In Sweetwater, Texas, wind turbines rise above the horizon in every direction. It takes an army of wind energy technicians to keep them all running, and the quality of their training is critical to the longevity of the machines.
In late November, wind energy technicians and students arrived at Texas State Technical College West Campus for a two-day hands-on training event. WindTech 2012 brought attendees face-to-face with working professionals and offered them an opportunity to network, learn hands-on techniques, and engage with the latest technology.
The inaugural event was organized by the college, the Texas Wind Energy Clearinghouse and Windpower Engineering & Development magazine.
“Out there in the field or in the classroom, workers may not have the opportunity to try out new equipment or meet leaders in their industry,” said Courtney Seel, a manager with the magazine. “At WindTech, attendees enjoyed an unparalleled opportunity to meet with others, learn, and work with the latest equipment.”
The event took place inside and out, with industry professionals speaking in classroom settings on a variety of topics, from turbine monitoring to blade maintenance. The Sweetwater Fire Department even performed an aerial rescue demonstration, which received coverage in local media.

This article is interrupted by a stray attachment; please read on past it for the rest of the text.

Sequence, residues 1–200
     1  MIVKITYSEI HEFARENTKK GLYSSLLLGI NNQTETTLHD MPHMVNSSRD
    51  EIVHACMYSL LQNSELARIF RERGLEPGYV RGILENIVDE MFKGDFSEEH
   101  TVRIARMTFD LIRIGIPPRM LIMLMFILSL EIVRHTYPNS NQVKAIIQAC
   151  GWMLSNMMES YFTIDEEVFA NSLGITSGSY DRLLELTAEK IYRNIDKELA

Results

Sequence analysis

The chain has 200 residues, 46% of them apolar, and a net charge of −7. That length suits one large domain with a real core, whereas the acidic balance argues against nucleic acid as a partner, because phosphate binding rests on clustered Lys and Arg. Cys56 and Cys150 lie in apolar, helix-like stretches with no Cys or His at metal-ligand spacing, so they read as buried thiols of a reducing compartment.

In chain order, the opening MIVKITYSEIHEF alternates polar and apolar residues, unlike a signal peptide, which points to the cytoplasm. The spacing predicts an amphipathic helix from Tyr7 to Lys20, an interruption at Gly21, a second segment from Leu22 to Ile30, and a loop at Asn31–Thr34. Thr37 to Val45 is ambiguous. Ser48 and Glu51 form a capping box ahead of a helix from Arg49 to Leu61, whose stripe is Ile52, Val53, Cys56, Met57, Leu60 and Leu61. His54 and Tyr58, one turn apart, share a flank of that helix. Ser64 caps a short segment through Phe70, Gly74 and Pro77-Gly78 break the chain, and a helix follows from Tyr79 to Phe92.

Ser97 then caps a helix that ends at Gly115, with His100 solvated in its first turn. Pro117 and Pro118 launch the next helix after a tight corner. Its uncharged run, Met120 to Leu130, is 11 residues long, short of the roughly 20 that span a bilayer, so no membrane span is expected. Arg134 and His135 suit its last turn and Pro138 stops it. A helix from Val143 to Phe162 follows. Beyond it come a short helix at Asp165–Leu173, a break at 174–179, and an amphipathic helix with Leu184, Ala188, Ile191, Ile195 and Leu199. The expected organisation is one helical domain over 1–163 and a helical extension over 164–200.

Among the event attendees was 25-year-old Andrew Grant. A student in the wind energy program at the technical college, he has also started work as a wind technician with AES. He helps oversee 67 Vestas turbines at one of the company’s Buffalo Gap sites. He is exactly the type of person events planners say they had hoped to attract.
Grant went to many of the classroom sessions, where he found one on gearbox-damage assessment particularly helpful. He also participated in the hands-on events, which included the application of epoxy resins to damaged blades, the handling of torqueing tools, and the use of suspended-access platforms – the latter of which attendees could obtain a certification in through presenting company Spider.
“It’s great to know how to do it, and if the company I’m working for ever purchases a suspended platform, then I’d be able to use it,” Grant said. “Also, having employees already certified in it would encourage that company to purchase something like that.”
The turnout at the event, which numbered about 200, was bolstered by students of the college, many of whom will be working in the wind industry in a few short months. TSTC Coordinator Griselda Sanchez, said the demand for wind technicians is overwhelming. So far, 248 graduates have been through the Wind Energy Technology program at the school. Currently, 69 students are enrolled.
“Our students can benefit tremendously from WindTech simply because this conference allows them to see so much first hand,” Sanchez said. “I can talk to a student about blade repair, but nothing is better than them being able to repair one for themselves in a lab.”
Wind technicians like Grant, although present, were scarcer. Seel says more focus will be on getting technicians to future events.
“It was a great first event,” she said. “Our goal for this year is to increase attendance by building programs that are essential to local wind-farm managers, so they lend their workers for a day to learn about some of the latest technology and practices – that’s what WindTech is all about.” The WindTech Events Facebook page will post places and times for its four events in 2013. WPE
Filed Under: Training